, Ptol. 4.3.33
), a town of Numidia, situated five days' journey to the SW. of Carthage. (Plb. 15.5
; Liv. 30.29
It lay between Sicca Veneria and Suffetula, and bore the name of “Regia;” whence we find it erroneously written Zamareigia in the Tab. Peut.
Zama is particularly renowned as the scene of Scipio's victory over Hannibal in 201 B.C.
It was a very strong place, and hence adopted as a residence by Juba, who brought his harem and his treasure hither, as to a place of safety. (Hirt, B. Afr.
91; Vitr. 8.3.
(or 4.) § 24.) Strabo represents it as destroyed by the Romans, and as being in a ruinous state in his time (xvii. pp. 829, 831).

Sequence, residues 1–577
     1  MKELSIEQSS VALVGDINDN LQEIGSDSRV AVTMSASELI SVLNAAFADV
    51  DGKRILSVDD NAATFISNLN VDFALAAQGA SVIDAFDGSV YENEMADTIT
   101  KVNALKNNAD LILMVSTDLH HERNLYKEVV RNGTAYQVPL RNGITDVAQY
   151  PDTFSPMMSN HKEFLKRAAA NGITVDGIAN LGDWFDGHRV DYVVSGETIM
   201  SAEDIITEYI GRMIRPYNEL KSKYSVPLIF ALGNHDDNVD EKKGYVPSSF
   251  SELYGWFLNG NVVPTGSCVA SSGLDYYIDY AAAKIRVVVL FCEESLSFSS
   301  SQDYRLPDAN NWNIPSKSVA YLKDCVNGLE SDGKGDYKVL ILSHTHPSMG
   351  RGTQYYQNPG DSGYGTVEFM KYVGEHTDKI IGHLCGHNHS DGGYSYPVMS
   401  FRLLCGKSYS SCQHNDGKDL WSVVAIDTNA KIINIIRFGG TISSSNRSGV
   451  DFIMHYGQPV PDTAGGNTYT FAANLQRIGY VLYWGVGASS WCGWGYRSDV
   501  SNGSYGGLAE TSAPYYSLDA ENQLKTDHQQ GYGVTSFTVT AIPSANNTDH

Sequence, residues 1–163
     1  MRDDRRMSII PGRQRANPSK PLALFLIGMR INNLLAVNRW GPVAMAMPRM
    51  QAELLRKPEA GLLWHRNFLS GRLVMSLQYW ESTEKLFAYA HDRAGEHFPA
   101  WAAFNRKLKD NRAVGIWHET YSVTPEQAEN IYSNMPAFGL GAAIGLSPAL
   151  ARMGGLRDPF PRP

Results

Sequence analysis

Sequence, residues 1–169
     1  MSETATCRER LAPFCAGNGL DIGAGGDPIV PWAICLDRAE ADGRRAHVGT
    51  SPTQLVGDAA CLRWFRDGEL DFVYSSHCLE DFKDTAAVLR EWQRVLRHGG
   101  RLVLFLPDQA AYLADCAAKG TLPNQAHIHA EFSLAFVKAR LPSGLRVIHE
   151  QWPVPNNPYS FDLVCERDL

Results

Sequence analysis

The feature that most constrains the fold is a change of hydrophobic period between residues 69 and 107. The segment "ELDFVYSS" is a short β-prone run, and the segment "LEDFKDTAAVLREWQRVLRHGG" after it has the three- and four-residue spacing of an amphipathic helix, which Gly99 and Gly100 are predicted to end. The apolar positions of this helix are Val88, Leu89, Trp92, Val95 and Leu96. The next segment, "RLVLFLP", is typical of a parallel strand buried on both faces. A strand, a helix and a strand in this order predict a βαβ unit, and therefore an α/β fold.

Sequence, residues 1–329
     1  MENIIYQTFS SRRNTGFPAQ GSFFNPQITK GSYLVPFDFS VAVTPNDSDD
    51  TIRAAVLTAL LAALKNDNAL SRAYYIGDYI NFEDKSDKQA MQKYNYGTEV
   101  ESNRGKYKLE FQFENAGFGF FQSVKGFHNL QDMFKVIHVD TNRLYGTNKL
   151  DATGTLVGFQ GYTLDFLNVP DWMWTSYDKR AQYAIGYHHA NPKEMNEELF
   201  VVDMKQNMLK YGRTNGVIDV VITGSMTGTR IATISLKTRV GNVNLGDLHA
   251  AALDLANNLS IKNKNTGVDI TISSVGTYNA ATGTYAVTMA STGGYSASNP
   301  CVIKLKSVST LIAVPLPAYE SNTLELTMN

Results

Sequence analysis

But it must have been subsequently restored, since Pliny (5.4. s. 4
) mentions the Zamense oppidum as a free city.
It also appears in the Tab. Peut.,
and a bishop of Zama is mentioned by St. Augustine. (De Civ. Dei,
In an inscription in Gruter (364. 1) Zama Regia appears with the title of a colony (Col. Aelia Hadriana); though it is not mentioned as a colony in any of the ancient writers.
It is the present Jama,
SE. of Kess.
(Cf. D. C. 48.23
; Sail. J.